KIA Carens is a seven-seat, compact MPV that represents value for money.
Carens has evolved from an ugly duckling to a swan over the years.
KIA's design boss Peter Schreyer (who has since become Hyundai's Chief Designer) has been more daring with Carens' exterior and the result is a more estate-like car rather than a boxy MPV. The fourth-generation is now one of the best looking cars in its class.
The new body sits on a longer wheelbase (+50mm) and this frees up more interior space. Remarkably, new Carens is shorter (-20mm), lower (-40mm) and narrower (-15mm) than the old model.
Inside, the classic MPV 2/3/2 seating layout is present but Carens is a mid-sized machine - so it is best described as a 'five plus two'- seater. All seats are individual and the middle three seats slide fore and aft separately, too. The last two seats pop up with a pull of a strap with little effort. In some markets a five-seat version is available, but KIA Ireland is only taking in the seven-seater. With just five seats in place the boot space is large. With all seven seats in place a couple of cabin bags can still fit in the boot.
Three trim levels are offered: TX, rising to EX and then Platinum. Standard kit is very good with LED running lights, alloys, air conditioning, steering wheel-mounted audio controls and voice-activated Bluetooth, to name a few.
If you want rear parking sensors then EX trim will give you this plus some other goodies like rear privacy glass, seat back tables, dual-zone air conditioning and a rear-view camera.
Platinum adds leather seats, powered driver's seat, better headlights, front parking sensors and a big sunroof. Our test cars were in Platinum specification and the points of contact had a premium feel. You clearly sense good attention to detail and solid build quality.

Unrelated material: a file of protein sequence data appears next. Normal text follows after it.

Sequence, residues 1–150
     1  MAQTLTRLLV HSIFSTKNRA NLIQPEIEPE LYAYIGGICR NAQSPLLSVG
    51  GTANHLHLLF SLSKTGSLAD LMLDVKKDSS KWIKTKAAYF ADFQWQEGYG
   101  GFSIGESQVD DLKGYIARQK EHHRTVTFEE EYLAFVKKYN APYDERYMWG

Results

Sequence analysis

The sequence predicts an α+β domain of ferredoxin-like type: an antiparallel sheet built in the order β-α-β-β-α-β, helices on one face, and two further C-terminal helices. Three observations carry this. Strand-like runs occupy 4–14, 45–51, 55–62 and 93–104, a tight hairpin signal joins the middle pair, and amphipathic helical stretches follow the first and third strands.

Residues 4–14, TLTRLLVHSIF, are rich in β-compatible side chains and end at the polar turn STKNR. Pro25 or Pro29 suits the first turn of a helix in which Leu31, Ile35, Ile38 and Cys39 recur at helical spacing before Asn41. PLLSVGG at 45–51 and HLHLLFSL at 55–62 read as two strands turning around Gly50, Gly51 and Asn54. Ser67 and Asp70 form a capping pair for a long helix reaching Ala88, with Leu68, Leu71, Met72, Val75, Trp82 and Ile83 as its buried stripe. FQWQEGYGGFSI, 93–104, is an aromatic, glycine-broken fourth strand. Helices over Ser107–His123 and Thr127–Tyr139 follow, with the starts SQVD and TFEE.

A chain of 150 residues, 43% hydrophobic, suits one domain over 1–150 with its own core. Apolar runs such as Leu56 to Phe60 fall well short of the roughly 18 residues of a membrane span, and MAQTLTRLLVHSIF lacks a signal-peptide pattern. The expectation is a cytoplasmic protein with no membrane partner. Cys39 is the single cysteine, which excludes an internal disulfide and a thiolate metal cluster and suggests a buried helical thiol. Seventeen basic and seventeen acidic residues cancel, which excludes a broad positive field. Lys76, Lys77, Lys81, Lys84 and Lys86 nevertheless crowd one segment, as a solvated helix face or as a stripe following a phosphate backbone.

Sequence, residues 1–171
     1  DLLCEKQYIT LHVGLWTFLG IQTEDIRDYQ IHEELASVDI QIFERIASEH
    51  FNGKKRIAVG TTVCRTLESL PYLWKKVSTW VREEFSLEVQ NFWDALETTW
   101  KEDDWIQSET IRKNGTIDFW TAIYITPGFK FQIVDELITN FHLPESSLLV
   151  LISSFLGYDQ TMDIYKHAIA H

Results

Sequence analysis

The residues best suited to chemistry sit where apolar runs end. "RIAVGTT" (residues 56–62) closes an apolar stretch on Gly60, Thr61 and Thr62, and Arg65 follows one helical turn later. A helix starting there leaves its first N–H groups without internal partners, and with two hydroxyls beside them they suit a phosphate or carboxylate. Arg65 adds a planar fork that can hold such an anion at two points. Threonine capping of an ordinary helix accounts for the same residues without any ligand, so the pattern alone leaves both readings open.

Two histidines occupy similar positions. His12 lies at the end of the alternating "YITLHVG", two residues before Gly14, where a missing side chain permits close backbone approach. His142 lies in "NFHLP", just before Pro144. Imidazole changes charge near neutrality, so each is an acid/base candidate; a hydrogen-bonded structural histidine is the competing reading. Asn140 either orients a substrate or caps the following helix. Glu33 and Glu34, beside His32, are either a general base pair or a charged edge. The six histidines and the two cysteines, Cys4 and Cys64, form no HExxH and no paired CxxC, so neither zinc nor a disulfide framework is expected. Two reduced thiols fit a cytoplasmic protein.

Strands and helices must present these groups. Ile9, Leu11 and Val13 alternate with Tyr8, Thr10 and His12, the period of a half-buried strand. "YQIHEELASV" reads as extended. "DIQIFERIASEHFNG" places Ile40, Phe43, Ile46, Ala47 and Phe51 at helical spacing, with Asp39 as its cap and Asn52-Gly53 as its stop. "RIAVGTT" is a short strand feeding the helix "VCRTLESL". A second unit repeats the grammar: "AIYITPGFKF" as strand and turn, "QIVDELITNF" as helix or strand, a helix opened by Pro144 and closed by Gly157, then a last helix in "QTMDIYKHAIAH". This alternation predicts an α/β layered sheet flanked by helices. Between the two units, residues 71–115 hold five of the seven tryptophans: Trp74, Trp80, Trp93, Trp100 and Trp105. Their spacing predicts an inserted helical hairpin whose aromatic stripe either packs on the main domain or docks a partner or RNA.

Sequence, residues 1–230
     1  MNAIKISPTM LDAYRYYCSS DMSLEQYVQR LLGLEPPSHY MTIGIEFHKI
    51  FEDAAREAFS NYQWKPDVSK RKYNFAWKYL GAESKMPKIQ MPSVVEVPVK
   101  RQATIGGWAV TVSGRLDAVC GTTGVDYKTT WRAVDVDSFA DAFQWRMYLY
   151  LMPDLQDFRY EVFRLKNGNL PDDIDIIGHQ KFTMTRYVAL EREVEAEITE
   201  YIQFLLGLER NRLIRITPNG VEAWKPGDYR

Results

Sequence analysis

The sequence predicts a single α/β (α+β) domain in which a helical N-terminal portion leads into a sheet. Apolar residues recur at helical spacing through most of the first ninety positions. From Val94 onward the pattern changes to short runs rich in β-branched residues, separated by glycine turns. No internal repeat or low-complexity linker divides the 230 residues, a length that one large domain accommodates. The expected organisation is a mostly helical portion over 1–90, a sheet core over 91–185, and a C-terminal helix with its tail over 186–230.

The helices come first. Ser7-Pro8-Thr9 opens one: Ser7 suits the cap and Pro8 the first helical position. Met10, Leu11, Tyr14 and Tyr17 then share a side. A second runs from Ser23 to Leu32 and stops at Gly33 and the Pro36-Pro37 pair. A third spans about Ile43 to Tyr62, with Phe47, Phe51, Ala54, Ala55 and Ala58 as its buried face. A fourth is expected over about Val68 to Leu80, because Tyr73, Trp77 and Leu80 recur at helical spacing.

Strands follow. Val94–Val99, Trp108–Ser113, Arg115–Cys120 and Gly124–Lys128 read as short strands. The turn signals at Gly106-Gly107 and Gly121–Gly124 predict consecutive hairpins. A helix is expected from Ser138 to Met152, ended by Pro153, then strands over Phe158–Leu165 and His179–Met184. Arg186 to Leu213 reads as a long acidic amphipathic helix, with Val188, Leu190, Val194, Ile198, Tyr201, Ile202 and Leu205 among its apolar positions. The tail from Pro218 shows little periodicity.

Another handy touch is the nice cubby in front of the gear lever that houses two power points, a USB and enough room for a couple of phones - plus there's a closable lid. The usual array of safety features are present like ESC (aka ESP), VSM (vehicle stability management), and emergency stop signal. A five-star Euro NCAP score is expected when the vehicle is tested.
Power comes from the tried and tested 1.7-litre diesel we know from the excellent Sportage. Two power outputs will be available: the six-speed manual gearbox version gets the 115bhp engine while the 'special order only' EX automatic comes with a more powerful 136bhp variant of the 1.7. The auto will attract a premium of circa €3,500 after VRT. With a starting CO2 figure of 129g/CO2, the Carens will cost €270 to tax annually.
On the road, Carens is hushed and refined, especially on motorways. The driving position is high and commanding. Our test cars were shod on big alloys (17-inch and 18-inch) and they were not so good on bumpy surfaces. Best advice would be to avoid the big alloys and go with the standard 16-inch wheels - also, there's less likelihood of punctures.
The steering is very light and on higher specified cars you can select one of three weight settings: Comfort (very light), Normal (still very light) and Sport, which though heavier, is still... light! Enthusiastic drivers will find Carens' steering and the lack of feel disappointing, but on the school run there will be no complaints from the vast majority. An electronic parking/hand brake is standard. The brake disengages automatically when you move off.
The MPV sector is small but important. Prices start at €26,490, which for a seven-seater with a seven-year warranty is very good value.